How to Legally Start an Online Shop

One of my best friends is in the process of forming an online shop right now (which I personally will be using for my own business, so I promise to share with you), which has brought up one of my most common questions (or when not asked, one of the biggest issues that arises for online business owners) : what legalities do you need to know about to start an online store?


Before you start your online shop, you must be aware of these considerations:  

    1. Does your shop have a different name than your business (ie, Paige Hulse Law and the Creative Law Shop?)

      • You must start with a full due diligence search (in your state, nationally, the USPTO, etc). A full due diligence search is the first step of registering a trademark and is crucial in ensuring that your name does not infringe upon anyone else’s name. If you neglect this step, there’s always a looming chance that you may unexpectedly receive a cease and desist letter in the mail one day, requiring you to change your name. If you’ve established a following or recognition of your business name, this could cause great harm to your brand. Which leads me to...

      • You may eventually need a trademark to protect your name - but this step doesn’t need to come right away. Many people rush into registering a trademark- this is a step that should be taken when you know your online business will be around for the foreseeable future, and a good lawyer will be able to discern multiple other factors that should influence this decision.

    2. Copyrights

      • Are you creating “works of authorship” (ie, goods) you want to protect? You may need to register your copyrights to protect your work from copycats. This is a step that you’ll need to take if your goods are being copied or stolen repeatedly- and again, a good lawyer will be able to discern multiple other factors that should influence this decision.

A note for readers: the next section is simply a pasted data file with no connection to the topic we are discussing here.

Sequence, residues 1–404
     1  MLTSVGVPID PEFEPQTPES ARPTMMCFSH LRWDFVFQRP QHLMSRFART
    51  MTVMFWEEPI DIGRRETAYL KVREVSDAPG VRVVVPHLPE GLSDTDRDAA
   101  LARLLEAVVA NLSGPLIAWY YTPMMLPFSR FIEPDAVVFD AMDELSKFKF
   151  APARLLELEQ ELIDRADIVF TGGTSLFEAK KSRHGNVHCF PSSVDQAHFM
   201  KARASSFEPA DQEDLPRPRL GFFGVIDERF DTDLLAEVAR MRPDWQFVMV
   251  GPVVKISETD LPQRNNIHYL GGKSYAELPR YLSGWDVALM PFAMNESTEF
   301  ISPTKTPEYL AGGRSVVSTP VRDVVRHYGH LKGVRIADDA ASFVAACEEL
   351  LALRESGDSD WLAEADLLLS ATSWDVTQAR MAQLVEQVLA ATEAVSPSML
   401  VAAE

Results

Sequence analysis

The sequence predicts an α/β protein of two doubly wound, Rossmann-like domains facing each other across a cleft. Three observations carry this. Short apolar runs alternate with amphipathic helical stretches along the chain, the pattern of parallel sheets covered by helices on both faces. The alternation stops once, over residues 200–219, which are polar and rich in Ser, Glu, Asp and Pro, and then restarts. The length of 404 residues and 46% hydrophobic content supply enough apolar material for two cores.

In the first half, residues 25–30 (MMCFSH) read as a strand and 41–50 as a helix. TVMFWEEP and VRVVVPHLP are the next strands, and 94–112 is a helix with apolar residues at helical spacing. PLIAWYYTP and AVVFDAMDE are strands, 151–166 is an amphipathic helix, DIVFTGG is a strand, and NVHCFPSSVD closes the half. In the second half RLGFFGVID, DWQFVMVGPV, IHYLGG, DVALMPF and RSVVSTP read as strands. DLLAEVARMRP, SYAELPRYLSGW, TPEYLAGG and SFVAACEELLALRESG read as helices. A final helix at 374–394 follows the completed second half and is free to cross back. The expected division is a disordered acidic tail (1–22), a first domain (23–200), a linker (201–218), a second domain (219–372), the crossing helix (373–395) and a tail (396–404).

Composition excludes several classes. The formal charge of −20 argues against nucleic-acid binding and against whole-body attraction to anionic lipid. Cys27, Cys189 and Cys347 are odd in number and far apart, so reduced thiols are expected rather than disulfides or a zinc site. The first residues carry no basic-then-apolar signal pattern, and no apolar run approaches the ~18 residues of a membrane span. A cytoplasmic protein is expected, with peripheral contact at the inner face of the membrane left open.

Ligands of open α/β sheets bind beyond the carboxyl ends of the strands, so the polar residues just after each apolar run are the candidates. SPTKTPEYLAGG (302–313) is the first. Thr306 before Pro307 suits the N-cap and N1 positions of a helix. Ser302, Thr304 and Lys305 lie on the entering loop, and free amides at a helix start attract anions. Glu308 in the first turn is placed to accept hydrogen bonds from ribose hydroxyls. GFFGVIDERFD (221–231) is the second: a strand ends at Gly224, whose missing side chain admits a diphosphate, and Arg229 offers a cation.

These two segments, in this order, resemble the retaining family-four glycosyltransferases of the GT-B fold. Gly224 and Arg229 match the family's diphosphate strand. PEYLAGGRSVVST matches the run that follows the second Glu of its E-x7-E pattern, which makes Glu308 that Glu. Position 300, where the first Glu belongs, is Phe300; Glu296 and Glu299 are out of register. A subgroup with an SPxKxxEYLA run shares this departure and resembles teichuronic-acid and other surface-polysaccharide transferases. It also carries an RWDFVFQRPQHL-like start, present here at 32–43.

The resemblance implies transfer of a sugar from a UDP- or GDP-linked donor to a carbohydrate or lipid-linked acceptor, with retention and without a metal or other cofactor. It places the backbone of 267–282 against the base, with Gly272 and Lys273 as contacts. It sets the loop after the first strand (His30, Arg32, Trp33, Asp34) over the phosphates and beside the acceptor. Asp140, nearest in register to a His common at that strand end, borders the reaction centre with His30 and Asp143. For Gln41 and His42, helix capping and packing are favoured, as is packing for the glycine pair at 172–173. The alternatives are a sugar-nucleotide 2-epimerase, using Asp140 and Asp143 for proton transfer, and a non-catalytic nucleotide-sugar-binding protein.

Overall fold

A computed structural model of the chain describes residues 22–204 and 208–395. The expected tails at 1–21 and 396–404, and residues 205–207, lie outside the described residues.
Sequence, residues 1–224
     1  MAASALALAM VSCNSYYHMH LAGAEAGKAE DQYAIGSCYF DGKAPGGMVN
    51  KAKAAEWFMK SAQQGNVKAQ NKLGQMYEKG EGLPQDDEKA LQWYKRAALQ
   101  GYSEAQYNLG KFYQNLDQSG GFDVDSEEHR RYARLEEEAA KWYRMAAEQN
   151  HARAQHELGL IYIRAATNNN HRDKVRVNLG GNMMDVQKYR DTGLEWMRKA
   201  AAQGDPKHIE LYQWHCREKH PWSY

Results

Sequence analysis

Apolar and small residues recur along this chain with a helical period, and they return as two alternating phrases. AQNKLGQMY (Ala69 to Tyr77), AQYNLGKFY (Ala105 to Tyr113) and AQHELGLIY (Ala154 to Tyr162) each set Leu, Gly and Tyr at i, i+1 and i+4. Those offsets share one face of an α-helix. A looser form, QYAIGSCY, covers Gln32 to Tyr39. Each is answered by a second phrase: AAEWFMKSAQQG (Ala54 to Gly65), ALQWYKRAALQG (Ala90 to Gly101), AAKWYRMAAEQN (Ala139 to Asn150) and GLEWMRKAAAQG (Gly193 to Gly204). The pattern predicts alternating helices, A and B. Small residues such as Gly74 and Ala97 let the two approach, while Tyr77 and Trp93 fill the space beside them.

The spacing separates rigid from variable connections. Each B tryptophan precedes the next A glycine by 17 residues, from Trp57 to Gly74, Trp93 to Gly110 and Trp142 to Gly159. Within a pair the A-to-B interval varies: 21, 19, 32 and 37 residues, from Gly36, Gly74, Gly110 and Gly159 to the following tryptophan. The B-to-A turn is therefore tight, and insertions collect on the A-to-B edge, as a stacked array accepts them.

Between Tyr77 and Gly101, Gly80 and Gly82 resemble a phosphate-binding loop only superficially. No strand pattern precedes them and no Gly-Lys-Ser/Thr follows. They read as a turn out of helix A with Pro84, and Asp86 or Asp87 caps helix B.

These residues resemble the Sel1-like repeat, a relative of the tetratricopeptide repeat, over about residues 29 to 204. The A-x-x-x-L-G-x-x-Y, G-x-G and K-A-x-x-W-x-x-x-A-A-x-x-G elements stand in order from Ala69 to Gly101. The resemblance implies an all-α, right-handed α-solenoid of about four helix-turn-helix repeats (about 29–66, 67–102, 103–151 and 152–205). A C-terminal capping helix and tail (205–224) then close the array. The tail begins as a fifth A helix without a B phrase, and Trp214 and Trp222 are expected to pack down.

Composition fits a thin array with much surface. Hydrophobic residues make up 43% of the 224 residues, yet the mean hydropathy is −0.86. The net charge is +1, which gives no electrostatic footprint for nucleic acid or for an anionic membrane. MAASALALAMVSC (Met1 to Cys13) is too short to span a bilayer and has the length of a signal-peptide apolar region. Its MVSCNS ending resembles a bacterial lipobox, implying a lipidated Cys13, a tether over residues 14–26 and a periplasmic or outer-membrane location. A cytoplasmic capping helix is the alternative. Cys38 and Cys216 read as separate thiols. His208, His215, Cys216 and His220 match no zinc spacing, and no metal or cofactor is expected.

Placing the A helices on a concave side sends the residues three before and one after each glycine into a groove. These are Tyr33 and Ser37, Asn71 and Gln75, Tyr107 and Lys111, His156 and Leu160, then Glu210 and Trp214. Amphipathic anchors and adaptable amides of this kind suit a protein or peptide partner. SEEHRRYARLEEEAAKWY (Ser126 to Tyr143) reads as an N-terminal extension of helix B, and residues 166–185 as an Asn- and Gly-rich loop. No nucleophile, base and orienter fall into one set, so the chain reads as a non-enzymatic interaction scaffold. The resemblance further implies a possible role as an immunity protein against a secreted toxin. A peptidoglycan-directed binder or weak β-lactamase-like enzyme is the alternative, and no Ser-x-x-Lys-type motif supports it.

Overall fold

3. Contracts

    4. Any necessary disclaimers if you’re providing goods on finances, legal information, medical information- ie, anything that typically requires a license, that if relied upon, could cause harm to the purchaser

    5. When you begin making significant money from your shop, you’ll likely need to separate your business liability with a separate LLC.

      • Again, this is a step that most small business owners make. Not only could there be significant tax considerations for creating a separate LLC (which could save you significant money), but, most important are your liability considerations- when you begin making a significant income from your shop, you’ll need to separate your business liability and assets from one another so that your businesses won’t be on the hook for one another if an issue arises with one. This will mean creating separate LLCs for your shop and business, which is something an experienced attorney can advise you on.

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